Guadeloupe General Strike Spreads to Martinique

FORT-DE-FRANCE, MARTINIQUE, February 7 — The general strike which began January 20 in the French overseas department of Guadeloupe spread February 5 to neighboring Martinique, 122 miles to the South. These workers — 90% African or African-white-Indian mixture (Indian from India) — are refusing to pay for the world capitalist crisis.

Over 20,000 people demonstrated here February 5, completely halting public transport. The marchers included all job categories from dockers to Catholic schoolteachers. They chanted, “Sarko [French President], Fillon [Prime Minister], we want jobs!” and “Jobs, yes! Precarity [poverty], no!” The twelve unions calling the strike united in a Collective, welcoming other unions and associations to join.

The Martinique strikers are demanding price cuts and higher wages for all, especially those in low-paying jobs. A Collective study shows milk costs 44.7% more and noodles almost 80% more on this island than in mainland France.

On Guadeloupe, the junior minister for the overseas departments, Yves Jégo, claimed agreement on about one-third of the 146 demands advanced by Lyiannaj kont pwofitasyon (Link Against Extreme Profiteering – LKP). In a clear maneuver to pressure LKP and Guadeloupe’s workers to end their strike, French interior minister Michèle Alliot-Marie immediately released a lying communiqué claiming “an agreement has been found on most of the questions raised.”

The people of Guadeloupe are super-exploited by capitalist monopolies and the Guadeloupe wealthy class. This island’s population of 405,000 is 69% African or African-white-Indian mixture.

A trade unionist told French radio that four or five families control imports to the island, so rice is almost twice as expensive here as on mainland France; a toothbrush costs four euros ($5.14).

Gasoline and diesel fuel distribution is effectively monopolized by the Caribbean Refinery Inc. (SARA), owned 50% by France’s Total company, with Exxon and Texaco also holding a stake.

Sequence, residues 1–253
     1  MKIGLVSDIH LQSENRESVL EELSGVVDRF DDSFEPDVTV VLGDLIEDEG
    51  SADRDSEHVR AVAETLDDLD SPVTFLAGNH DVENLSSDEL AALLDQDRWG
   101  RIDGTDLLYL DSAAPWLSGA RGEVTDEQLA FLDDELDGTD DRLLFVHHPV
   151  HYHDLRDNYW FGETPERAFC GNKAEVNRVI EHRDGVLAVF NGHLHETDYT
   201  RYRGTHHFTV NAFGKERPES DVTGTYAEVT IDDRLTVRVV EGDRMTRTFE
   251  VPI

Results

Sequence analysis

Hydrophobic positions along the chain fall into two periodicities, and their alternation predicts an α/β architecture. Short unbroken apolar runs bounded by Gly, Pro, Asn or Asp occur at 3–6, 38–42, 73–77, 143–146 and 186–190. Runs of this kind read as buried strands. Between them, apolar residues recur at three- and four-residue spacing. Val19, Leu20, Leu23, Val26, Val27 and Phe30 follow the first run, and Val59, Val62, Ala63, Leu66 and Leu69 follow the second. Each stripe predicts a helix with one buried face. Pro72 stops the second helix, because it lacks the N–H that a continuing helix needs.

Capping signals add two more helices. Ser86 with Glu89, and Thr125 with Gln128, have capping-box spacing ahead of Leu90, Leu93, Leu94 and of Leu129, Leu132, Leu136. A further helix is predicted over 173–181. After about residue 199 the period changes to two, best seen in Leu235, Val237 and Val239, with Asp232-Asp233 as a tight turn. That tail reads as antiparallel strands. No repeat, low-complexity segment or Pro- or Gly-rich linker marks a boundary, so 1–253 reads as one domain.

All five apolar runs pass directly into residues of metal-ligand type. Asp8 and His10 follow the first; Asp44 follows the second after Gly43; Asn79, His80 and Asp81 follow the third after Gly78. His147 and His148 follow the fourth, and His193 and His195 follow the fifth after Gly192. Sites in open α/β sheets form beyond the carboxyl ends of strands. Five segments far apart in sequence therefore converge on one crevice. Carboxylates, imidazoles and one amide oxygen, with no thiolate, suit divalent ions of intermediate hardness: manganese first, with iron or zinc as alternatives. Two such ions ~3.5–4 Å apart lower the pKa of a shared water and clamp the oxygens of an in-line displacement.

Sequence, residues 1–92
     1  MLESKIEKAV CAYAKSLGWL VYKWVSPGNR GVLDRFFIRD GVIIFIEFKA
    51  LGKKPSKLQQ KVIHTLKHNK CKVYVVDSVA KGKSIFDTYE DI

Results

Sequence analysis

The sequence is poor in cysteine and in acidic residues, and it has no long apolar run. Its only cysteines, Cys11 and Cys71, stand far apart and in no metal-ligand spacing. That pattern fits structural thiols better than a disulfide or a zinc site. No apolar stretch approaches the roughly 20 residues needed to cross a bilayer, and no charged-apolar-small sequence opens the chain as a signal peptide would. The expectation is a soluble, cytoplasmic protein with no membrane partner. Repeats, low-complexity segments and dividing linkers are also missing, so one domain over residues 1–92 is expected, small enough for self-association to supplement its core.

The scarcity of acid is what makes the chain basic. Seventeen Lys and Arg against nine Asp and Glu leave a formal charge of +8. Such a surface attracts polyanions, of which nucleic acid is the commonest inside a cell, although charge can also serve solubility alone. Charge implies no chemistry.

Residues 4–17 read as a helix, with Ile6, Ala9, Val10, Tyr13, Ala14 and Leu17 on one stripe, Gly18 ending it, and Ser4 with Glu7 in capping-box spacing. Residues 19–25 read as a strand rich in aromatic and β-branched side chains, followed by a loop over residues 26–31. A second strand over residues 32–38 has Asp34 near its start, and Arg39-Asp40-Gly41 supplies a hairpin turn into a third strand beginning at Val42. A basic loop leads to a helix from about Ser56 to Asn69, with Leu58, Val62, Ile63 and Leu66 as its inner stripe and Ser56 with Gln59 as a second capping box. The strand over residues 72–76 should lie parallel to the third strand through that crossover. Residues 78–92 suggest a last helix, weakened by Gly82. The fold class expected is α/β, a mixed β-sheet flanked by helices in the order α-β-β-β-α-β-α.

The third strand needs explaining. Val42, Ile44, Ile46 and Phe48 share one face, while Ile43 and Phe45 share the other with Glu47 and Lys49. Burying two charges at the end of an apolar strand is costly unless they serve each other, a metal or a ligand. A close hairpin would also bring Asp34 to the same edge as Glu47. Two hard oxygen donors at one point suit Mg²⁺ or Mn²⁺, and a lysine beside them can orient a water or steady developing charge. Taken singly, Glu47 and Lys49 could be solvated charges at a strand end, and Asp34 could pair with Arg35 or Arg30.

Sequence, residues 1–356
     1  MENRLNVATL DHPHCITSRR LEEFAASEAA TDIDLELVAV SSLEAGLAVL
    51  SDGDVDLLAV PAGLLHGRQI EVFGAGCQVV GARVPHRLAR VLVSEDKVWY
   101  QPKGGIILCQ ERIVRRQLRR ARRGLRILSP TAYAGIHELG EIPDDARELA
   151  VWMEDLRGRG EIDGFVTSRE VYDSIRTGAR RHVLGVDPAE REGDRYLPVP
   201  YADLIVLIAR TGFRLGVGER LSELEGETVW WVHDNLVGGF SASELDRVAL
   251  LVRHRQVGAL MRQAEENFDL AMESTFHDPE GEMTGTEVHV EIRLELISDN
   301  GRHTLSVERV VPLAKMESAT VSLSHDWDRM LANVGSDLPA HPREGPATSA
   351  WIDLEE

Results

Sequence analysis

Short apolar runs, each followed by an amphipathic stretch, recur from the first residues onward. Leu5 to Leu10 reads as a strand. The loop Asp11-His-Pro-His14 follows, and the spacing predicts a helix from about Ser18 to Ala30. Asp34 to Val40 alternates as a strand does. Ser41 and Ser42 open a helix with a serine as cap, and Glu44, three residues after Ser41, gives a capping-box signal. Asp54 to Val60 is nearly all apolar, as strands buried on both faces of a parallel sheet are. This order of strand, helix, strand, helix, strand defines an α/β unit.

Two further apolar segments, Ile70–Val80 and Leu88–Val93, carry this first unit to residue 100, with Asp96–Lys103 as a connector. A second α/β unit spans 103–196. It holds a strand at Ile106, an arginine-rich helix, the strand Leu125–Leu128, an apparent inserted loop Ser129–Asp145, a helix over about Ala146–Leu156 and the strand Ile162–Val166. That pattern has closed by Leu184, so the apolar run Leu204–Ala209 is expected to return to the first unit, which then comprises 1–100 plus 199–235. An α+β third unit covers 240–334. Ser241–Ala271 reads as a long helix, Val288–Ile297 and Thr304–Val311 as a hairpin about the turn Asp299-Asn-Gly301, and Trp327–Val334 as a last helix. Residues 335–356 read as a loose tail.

Jégo claims to have obtained a one-year 10% price reduction for 100 staple goods in 60 supermarkets. He says he’ll “put heavy pressure” on the bosses to grant demands for higher wages. LKP wants an across-the-board, 200-euro-a-month wage hike. Jégo said before negotiations even opened that all workers would get at least a 2% raise. If accepted, a percentage-based raise would widen the gap between the highest- and lowest-paid workers, potentially dividing workers when the bosses inevitably move to eliminate the increase.

LKP is also demanding a rent freeze, improved health care, permanent jobs for all temporary workers and no racism in hiring. “The high rate of unemployment on Guadeloupe [35%] has to be taken into account,” said Jean-Marie Brissac, CGTG trade union general secretary. “Even though our young people are highly qualified, they can’t get a job here. The big corporations get their job applicants through Paris job agencies in order to exclude Guadeloupe youth.”

Jégo claimed LKP has asked him to be the “moderator” in negotiations.  Posing as a “neutral mediator,” Jégo has induced the strikers to lower their guard. All gas stations were to re-open February 5, and two hypermarkets and a large number of shops have re-opened.
Meanwhile, in this good-cop-bad-cop routine, Guadeloupe bosses are dragging their heels at throwing any crumbs to the strikers. “Have a thought for the companies!” one local boss is said to have shouted at Jégo.

On the other hand, LKP called for a demonstration on Feb. 4 to shut the hypermarket and shopping center in Baie-Mahault, which had re-opened.

This apparent indecisiveness is reflected in the LKP platform: “People of Guadeloupe, workers, farmers, artisans, retirees, unemployed, entrepreneurs, young people, Lyiannaj kont pwofitasyon is our organization, our idea, our tool, our consciousness.” The inclusion of “entrepreneurs” — capitalists — in the Collective indicates confusion about the nature of the struggle. LKP apparently believes in unity with some bosses on a nationalist basis, because these bosses form part of “the people of Guadeloupe.” Such illusions are fatal in the class struggle.
It’s the job of communists worldwide to explain that the government is never “neutral” — it is always on the bosses’ side. The working class can obtain justice only by overthrowing the bosses’ government with communist revolution, in order to institute workers’ rule.

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